On 30 May 2019, approximately 250 professionals from across the WA family law sector gathered at the University Club of Western Australia for the WAFLPN Annual Conference. This year’s conference theme was “No One is Perfect: Exploring the connection between parenting capacity and children’s wellbeing”, which emerged from the feedback provided by attendees of the 2018 WAFLPN Annual Conference.
Tony Hansen’s daughters, Savannah and Montanna Hansen, opened the conference with a beautiful Welcome to Country which showcased the knowledge, talents and strong cultural connection of these young Noongar ladies. Tony Hansen then proceeded to impart some knowledge on parenting from an Aboriginal perspective, particularly highlighting the childrearing and cultural practices which differ from non-Indigenous Australian norms and understandings.
Tony, Savannah and Montanna Hansen were the first recipients of this year’s speaker gifts – intricate wooden paddle boards hand-painted by Aboriginal Mental Health Worker and artist Sally-Anne Gamble.
Master of Ceremonies and WAFLPN Chair Rod West then welcomed the Honourable Justice Gail Sutherland, Chief Judge of the Family Court of Western Australia, to perform the opening address. Her Honour provided an insightful reflection on this year’s conference theme and spoke about the role of the Family Court in identifying risk factors for parents and children.
The former Chief Judge of the Family Court of Western Australia, the Honourable Stephen Thackray, followed with a presentation on the Jiji Nyirti project. Highlighting the barriers preventing Aboriginal people from accessing family law services, the Honourable Stephen Thackray spoke about how the Jiji Nyirti (little children) pilot project in Newman sought to provide a culturally appropriate wrap-around legal service. The presentation concluded with some feedback from clients who had accessed this “Helping Court” and a look ahead at the future of the project.
Building on everything that had been shared thus far, Rohan Collard from Wungening Aboriginal Corporation talked about the various considerations that need to be taken into account when assessing the parenting capacity of Aboriginal parents and carers. Rohan provided valuable advice on working effectively with Aboriginal clients and emphasised the role of practitioners in supporting a culturally competent service system.
After a short morning tea break filled with lively discussion, delegates returned to the auditorium to hear from keynote speaker Rose Cuff, Statewide Coordinator of the FaPMI (Families where a Parent has a Mental Illness) Program in Victoria. Drawing on her extensive professional experience, Rose spoke about the importance of engaging and building positive relationships with parents living with mental ill-health based on a shared understanding of parents’ and children’s needs. As part of her presentation, Rose shared videos from parents and children talking about their lived experiences, which enhanced audience understanding of parental mental ill-health and demonstrated the effectiveness of appropriate and timely support.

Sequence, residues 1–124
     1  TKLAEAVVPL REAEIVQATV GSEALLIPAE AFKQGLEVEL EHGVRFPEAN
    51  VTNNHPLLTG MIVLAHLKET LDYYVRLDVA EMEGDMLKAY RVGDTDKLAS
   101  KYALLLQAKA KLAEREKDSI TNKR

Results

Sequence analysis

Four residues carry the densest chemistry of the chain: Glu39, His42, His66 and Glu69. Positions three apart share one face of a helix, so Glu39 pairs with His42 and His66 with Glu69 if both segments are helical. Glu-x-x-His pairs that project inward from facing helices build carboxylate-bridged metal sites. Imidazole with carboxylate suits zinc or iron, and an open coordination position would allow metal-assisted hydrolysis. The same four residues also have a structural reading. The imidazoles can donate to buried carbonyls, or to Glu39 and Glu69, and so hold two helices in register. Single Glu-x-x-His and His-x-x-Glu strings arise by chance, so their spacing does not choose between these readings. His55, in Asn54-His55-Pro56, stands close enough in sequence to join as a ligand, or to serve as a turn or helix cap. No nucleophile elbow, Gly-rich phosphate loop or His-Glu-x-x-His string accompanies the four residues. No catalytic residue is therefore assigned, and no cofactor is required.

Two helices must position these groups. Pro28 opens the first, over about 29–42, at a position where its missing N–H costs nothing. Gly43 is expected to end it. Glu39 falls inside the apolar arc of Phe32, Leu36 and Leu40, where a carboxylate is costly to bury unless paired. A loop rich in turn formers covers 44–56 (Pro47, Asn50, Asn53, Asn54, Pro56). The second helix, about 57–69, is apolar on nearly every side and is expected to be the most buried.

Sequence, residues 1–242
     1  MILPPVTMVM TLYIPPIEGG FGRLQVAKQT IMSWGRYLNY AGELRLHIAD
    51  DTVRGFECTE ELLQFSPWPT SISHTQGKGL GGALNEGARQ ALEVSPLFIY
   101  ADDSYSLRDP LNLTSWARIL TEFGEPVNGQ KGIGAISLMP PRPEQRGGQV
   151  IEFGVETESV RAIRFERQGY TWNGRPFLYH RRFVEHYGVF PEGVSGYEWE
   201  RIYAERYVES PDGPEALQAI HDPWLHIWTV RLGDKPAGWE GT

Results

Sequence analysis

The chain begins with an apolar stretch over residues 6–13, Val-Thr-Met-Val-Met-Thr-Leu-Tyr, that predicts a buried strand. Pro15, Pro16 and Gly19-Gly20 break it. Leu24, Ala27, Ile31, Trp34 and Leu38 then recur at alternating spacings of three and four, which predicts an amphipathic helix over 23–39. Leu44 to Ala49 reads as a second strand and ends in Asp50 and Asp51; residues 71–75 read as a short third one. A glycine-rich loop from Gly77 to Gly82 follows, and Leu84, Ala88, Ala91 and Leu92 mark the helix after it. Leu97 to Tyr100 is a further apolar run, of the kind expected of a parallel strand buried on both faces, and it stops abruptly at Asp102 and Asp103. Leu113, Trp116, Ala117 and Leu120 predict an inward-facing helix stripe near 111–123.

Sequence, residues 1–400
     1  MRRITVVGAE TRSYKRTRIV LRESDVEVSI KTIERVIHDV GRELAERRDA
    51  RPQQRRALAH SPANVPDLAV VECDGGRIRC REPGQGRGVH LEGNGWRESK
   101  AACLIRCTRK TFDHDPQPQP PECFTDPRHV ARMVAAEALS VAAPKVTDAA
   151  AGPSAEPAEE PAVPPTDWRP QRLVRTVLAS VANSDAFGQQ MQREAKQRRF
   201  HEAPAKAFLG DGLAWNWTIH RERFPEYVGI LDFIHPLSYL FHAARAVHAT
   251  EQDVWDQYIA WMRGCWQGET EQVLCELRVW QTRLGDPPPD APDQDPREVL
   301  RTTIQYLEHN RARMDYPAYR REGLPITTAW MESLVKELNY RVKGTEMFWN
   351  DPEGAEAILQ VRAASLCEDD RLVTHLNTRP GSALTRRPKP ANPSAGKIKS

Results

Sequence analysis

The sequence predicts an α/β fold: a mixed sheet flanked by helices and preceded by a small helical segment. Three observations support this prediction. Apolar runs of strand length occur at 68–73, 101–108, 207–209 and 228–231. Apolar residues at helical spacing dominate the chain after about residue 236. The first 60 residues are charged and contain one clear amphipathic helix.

It was then time to hear the President of the Children’s Court, Judge Julie Wager. Judge Wager spoke passionately and candidly about the Protection and Care jurisdiction of the Children’s Court and her hopes for future reform to support a more therapeutic court model.
After a varied and exciting first half of the conference, it was time to head outside to enjoy the pleasant weather and a delicious hot lunch. The foyer was abuzz with lively chatter as delegates networked with fellow professionals and shared their learnings from the conference so far.
As the lunch hour drew to a close, delegates poured back into the auditorium to hear from the next keynote speaker, Dr Margaret Spencer from the University of Sydney. Dr Spencer delivered an energetic and informative talk about enabling justice for families where a parent has learning disabilities. She expertly incorporated historical context, past and current research, her personal and professional experiences, videos interviewing families about their lived experiences, and a discussion of actions undertaken at state, federal and international levels to provide a holistic overview of the topic.
Finally, audience members got to hear the Department of Communities perspective on Parenting Capacity Assessments from Senior Consultant Psychologist Dr Veronica Edwards. As someone who has completed and supervised Psychology staff in the completion of Parenting Capacity Assessments, Dr Edwards provided a valuable perspectives that helped delegates situate the issues discussed throughout the conference within current policies and practices.
After another short tea break, delegates returned to the auditorium for a closing panel discussion with Judge Wager, Dr Veronica Edwards, Rose Cuff, Dr Margaret Spencer and the Honourable Stephen Thackray. Stephen Clarke expertly moderated the panel discussion, curating a selection of questions submitted by delegates via the conference mobile application throughout the day.
Too soon, the day drew to a close, marking the end of another successful WAFLPN annual conference. The WAFLPN Steering Committee sincerely thanks everyone who attended the conference in Perth, participated in one of the livestream events at Geraldton and Carnarvon, or livestreamed the conference from home. We invite you to provide feedback to assist us in planning for next year’s conference and look forward to you joining us for our conference in 2020.
If you missed the WAFLPN Conference this year, you can access speaker presentations, video recordings and additional materials shared by presenters on the Members Section of our website.